Abstract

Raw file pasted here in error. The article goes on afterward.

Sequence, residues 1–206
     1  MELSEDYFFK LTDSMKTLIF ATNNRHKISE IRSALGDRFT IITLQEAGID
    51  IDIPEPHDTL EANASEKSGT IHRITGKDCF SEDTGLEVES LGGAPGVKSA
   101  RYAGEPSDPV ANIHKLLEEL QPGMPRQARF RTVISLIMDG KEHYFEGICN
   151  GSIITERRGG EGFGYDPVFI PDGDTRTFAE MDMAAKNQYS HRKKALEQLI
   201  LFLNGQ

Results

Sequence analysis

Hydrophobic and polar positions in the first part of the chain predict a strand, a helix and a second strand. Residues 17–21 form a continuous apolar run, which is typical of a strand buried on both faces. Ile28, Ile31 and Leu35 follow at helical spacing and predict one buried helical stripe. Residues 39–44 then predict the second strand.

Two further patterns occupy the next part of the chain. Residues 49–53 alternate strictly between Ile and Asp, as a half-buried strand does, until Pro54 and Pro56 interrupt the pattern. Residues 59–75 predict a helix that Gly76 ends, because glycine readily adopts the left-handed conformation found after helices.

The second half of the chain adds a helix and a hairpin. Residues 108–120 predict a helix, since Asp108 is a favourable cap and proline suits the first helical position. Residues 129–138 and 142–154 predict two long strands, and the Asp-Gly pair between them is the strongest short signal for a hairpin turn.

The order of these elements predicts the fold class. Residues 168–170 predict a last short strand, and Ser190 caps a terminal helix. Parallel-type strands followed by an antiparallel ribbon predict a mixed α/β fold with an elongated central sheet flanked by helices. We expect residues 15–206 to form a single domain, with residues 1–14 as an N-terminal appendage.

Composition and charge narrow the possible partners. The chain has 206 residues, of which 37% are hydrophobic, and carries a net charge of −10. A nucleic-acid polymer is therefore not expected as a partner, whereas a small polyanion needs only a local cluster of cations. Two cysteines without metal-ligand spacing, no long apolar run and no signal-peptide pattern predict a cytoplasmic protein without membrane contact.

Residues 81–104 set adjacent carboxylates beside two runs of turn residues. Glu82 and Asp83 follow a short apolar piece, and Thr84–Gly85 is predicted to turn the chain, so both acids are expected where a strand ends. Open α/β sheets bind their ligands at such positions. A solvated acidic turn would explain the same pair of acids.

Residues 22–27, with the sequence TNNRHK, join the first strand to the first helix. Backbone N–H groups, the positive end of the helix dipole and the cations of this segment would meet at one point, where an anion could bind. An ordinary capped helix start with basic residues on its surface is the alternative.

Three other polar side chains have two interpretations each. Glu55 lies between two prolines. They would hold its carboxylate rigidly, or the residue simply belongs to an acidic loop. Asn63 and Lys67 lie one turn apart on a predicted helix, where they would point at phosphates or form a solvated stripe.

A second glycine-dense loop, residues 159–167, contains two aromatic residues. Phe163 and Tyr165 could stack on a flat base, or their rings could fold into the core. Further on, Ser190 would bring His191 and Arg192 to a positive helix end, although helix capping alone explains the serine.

The study focuses on evidence of Cenozoic faulting in the epicentral area of the 1886 Charleston, South Carolina, earthquake and its connection with Mesozoic structure. The seismic data consist of several reflection profiles collected near Summerville, South Carolina, in the period 1975–1983. Reprocessing of the data reveals an extensive early Mesozoic extensional basin, approximately 20 km in width, between Summerville and Charleston. The basin is delineated by the geometry of reflections that image early Mesozoic volcanic and sedimentary rocks and by positive magnetic and gravity anomalies. Cenozoic compressional reactivation of Mesozoic extensional faults is imaged in the interior of the basin. The northwestern boundary of the basin is marked by a sharp gradient in the magnetic field. Folded Cretaceous and Tertiary Atlantic Coastal Plain sediments in association with diffractions and truncated reflections from the early Mesozoic section at four locations along this magnetic gradient indicate that the northwestern basin boundary is faulted. Instrumentally located earthquakes are clustered at the location of the faults imaged in the interior of the basin and in proximity to the northwestern basin margin. Modeling of magnetic and gravity data indicates that the upper crust beneath the seismically imaged structural basin is composed largely of mafic rocks to a depth of at least 4 km. We propose that the Charleston earthquake occurred due to compressional reactivation of a Mesozoic fault in a localized zone of intense early Mesozoic continental rifting.

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